Read how Teams 3711, 957 & 847 are using Science, Technology, Engineering and Mathematics (S.T.E.M.) as they build this year’s robots:
Three weeks into the build season, progress is slow and like something out of a nerdy reality show we are scrambling to put things together and make things work. Every good idea seems to be thwarted by some rule in tiny print that we had passed over before, or other unforeseen problems. Another is the fact that our coach is not with us due to a recent health issue and our list of available materials grows thin. But we won’t run and hide, for we have STEM on our side In terms of math, we are having to calculate wheel diameter and motor RPM to figure out the distance needed to climb up the pole. We also have calculated power output from a motor to see if that will meet the power demand for the work that has to be done to move the robot up the pole for climbing. Engineering is getting a work out, having to figure out center of gravity on the robot and friction forces. I have been in the program for two years now, and if I had read this article when I started, I would have had no clue what anything meant. I am not seen as a technology person, but now even I have a basic knowledge of machines and their parts, and many others on the team are discovering the same thing. Robotics helps broaden your horizon, and gives students a chance to see that technology and engineering is not as daunting as was previously thought. Those who have participated in robotics now see the world through STEM glasses, and it affects everything else they do: school, sports, careers and lifestyle. FIRST robotics is more than a game; it is a catalyst for the world of Science, Technology, Engineering and Math, and it will change our future for the better.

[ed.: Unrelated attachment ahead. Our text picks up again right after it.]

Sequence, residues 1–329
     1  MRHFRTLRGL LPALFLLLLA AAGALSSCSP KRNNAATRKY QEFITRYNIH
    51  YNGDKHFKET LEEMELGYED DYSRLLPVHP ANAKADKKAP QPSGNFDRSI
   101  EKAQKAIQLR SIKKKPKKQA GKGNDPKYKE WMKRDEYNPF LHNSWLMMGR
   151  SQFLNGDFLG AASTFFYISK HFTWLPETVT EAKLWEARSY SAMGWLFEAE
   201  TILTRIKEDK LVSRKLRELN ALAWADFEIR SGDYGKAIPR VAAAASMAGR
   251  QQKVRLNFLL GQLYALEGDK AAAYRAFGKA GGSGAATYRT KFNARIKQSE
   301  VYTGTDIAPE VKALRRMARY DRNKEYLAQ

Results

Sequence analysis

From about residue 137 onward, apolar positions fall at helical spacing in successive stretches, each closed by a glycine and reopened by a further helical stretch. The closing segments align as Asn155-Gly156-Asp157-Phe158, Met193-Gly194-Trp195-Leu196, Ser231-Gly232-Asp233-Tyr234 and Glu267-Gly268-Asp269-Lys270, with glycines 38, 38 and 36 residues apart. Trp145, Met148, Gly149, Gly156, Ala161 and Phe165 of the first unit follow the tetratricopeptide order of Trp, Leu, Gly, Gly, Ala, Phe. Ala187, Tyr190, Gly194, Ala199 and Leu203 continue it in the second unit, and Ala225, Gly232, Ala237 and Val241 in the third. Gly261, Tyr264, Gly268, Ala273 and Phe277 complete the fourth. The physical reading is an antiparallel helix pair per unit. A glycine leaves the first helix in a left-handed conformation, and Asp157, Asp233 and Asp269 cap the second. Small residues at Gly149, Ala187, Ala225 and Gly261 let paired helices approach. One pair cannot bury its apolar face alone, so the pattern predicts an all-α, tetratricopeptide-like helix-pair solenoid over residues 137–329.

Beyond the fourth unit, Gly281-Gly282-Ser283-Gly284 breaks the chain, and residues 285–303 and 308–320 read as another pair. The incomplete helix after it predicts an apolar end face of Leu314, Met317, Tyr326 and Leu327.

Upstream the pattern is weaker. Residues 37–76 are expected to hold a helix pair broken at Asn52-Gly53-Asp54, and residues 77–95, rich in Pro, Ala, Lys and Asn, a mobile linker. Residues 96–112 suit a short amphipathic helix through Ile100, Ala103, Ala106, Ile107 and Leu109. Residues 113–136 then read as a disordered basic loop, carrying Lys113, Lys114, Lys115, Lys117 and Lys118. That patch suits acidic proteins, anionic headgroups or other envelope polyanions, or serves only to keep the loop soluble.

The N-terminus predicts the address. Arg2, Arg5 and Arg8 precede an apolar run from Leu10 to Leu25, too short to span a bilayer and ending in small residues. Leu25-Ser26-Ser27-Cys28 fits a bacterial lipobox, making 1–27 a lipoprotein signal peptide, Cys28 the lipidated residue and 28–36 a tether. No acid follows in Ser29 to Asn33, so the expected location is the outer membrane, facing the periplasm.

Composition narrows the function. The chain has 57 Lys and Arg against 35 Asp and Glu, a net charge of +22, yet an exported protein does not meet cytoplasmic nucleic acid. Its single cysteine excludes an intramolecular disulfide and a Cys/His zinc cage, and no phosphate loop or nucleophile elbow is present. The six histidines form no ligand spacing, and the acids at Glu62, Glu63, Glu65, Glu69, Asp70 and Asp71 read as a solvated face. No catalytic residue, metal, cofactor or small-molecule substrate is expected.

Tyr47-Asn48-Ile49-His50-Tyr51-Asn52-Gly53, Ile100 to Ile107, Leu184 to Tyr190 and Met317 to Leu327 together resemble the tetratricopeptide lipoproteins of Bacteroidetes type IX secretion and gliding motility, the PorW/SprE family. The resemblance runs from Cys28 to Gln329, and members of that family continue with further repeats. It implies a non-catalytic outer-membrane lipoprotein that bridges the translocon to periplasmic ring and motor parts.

Personally I’ve never been one for math…or science…or engineering…or technology; at least not separately. But together they make the most wonderful and beautiful things I’ve ever seen. Robotics has really helped me realize that STEM (Science, technology, engineering, and math) is a big part of creation, and creativity. There’s just something about watching people who are passionate about what they do, do their work. It tends to rub off on to you.
As for the bot, our troubles mostly lie in not being able to perfect a design for climbing the pyramids. Several great ideas have been brought to the table, yet for some reason or another they’ve been discarded. Whether it is for the time limit, bad prototyping, or the team just doesn’t agree. But slowly we are starting to piece together a winning robot.
Though- however guiltily- I must say I’m having fun using (and learning) physics to disprove ideas, or come up with new ones. Such as when we were designing the Frisbee shooter, I learned so much about how air resistance works. I really hope I continue to discover as much as I have so far, throughout the whole build season.
Building a climbing robot this year, our team has faced a number of design challenges. Perhaps the biggest challenge we’ve dealt with is determining how to position our robot’s center of mass to reduce swinging action when hanging near the top of the pyramid. Even in our early wooden prototypes we could see that, if left unchecked, the swinging on the bars could increase our climb times and make the driver’s job much more difficult. Using physics knowledge that we gained in high school classes, we determined that the best place for our center of mass was directly below and centered exactly between the hooks that we hang from.
We were able to quickly test this hypothesis on our wooden prototype by adding mass in the appropriate locations. Our mechanical teams are currently working on final robot designs using CAD (computer aided design) software provided by Autodesk. This software has proved invaluable for ensuring that our center of mass will be in the correct location on our final robot before we actually build it. By testing designs in a virtual environment first, we can easily fix problems that would become much more difficult to solve once fully implemented. Although we still have a few kinks to work out, we are confident that our careful design process will lead us to a successful, reliable, and robust robot for the 2013 FIRST Robotics Competition.